DIE AMERIKANISCHE FREUND || 1977, West Germany / France || Thriller || Directed by – Wim Wenders / Written by – Wim Wenders (based on the novel Ripley’s Game by Patricia Highsmith) / Produced by – Renée Gundelach, Margaret Ménégoz, Joachim von Mengershausen, Wim Wenders / Music by – Jurgen Knieper / Cinematography by – Robby Muller / Editing by – Peter Przygodda / Art Direction by – Heidi Ludi, Toni Ludi / Starring – Dennis Hopper, Bruno Ganz / Running time: 127 mins.
Wim Wenders’ adaptation of the famous Particia Highsmith novel Ripley’s Game stands out in the noir and thrilles genre. It is the story of Tom Ripley, a dealer in forged art, who suggests that a framer with a terminal disease would make a good hitman.
But to hope to follow the story’s impossibly intricate nature would not only basically be a waste of time, but also ignore the different viewpoint offered by Wenders not only on this film, but in cinema in general. The American Friend is a film that is constructed on what is usually outside of the film, the parts not shown, the ponderous silences, the empty dialogues, the motivation that drives its central characters to the extreme. And amidst all this, it proves that there is a reason for the chosen title, as it ultimately puts in even more focus the fact that it is the bizarre friendship, as tender as it is antagonizing. In this sense, Hopper and Ganz recall Welles and Cotten in one of the greatest noirs of all time – The Third Man.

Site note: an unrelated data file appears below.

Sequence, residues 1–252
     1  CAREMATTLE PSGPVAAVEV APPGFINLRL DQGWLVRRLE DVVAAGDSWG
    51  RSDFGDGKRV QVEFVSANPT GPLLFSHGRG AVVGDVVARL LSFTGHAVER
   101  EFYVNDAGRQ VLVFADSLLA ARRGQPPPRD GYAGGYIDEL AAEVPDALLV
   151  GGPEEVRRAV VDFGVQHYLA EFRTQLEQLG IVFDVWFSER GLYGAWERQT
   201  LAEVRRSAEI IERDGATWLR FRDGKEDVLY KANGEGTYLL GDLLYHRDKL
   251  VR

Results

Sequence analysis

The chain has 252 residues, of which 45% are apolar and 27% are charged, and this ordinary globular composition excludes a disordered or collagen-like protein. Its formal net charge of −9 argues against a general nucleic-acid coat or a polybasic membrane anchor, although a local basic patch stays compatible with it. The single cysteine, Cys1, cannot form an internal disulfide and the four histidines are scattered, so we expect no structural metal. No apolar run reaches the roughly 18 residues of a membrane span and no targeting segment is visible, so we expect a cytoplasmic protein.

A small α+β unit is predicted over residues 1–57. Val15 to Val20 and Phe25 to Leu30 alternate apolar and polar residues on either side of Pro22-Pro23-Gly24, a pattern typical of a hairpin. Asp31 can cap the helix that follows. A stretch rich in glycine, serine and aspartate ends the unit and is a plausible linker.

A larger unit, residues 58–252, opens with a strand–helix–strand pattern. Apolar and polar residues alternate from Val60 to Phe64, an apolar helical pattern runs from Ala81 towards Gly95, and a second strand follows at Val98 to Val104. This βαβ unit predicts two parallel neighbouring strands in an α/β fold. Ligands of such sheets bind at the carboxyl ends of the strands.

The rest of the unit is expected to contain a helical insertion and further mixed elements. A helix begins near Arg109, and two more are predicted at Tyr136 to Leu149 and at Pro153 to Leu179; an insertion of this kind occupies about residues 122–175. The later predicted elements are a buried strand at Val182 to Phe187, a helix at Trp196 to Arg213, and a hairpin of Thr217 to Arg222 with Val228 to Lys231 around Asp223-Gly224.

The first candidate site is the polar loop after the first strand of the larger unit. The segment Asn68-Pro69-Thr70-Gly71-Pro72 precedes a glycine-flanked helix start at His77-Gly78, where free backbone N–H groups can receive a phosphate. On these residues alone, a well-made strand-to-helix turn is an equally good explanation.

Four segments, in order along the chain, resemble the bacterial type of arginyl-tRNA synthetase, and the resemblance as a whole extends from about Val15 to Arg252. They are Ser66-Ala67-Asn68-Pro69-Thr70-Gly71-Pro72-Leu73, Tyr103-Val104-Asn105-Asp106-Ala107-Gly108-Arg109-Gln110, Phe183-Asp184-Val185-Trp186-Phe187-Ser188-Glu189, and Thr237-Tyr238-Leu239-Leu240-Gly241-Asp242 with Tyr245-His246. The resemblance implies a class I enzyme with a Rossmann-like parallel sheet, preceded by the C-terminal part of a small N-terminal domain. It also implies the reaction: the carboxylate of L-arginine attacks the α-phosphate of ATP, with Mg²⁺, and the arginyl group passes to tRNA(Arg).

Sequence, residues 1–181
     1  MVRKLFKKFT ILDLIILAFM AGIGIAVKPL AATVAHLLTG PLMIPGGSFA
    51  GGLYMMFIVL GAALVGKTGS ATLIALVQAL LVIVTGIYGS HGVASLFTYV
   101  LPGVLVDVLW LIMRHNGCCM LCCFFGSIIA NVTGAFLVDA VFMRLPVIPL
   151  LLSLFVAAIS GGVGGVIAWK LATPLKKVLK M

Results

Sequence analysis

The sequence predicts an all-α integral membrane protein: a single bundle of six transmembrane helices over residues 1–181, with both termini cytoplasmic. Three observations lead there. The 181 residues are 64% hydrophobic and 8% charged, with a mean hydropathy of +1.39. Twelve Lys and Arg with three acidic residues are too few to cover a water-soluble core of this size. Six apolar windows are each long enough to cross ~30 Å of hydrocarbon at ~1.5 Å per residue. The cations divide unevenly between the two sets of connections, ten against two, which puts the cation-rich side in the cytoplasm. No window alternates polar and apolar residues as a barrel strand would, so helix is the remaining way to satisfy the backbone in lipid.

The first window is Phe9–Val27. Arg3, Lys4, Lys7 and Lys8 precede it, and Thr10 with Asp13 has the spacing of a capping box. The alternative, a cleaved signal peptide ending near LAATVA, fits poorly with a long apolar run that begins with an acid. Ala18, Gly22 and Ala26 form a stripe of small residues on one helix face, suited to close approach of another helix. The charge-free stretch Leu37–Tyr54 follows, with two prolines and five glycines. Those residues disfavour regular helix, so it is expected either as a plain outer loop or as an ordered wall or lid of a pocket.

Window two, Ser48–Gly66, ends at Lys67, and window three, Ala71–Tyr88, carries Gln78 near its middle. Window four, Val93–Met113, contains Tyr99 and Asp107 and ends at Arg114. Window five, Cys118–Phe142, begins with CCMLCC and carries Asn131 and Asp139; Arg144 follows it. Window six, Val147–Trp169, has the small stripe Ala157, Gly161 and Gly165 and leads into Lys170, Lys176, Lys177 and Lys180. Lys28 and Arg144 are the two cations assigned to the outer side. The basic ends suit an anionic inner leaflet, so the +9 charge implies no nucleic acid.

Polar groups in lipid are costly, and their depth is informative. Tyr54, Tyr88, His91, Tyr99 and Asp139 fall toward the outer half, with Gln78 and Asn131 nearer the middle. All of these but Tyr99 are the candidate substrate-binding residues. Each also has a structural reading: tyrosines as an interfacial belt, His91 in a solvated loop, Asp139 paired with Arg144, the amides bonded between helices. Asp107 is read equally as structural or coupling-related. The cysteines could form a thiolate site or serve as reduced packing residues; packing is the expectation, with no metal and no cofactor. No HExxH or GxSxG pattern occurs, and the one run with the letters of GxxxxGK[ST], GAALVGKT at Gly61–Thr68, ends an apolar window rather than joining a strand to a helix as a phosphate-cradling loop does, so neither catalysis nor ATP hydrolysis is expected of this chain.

This very reference may be intentional, as it is obvious that The American Friend is also a tribute to the elements that build up the great atmosphere of the greatest of noirs. But its language is fresh, different and impulsive. Perhaps, the startling realism of the progression of the story is what makes the final part of the film feel surreal, as all the while it’s easy to forget that we’re watching a film that in its nature is meant to have a resolution. But that doesn’t lessen the collective power of a film that puts a new original spin on what is usually solidly structured and represent the original style of filmmaking often presented by one of the main exponents of the German New Wave.” 4/5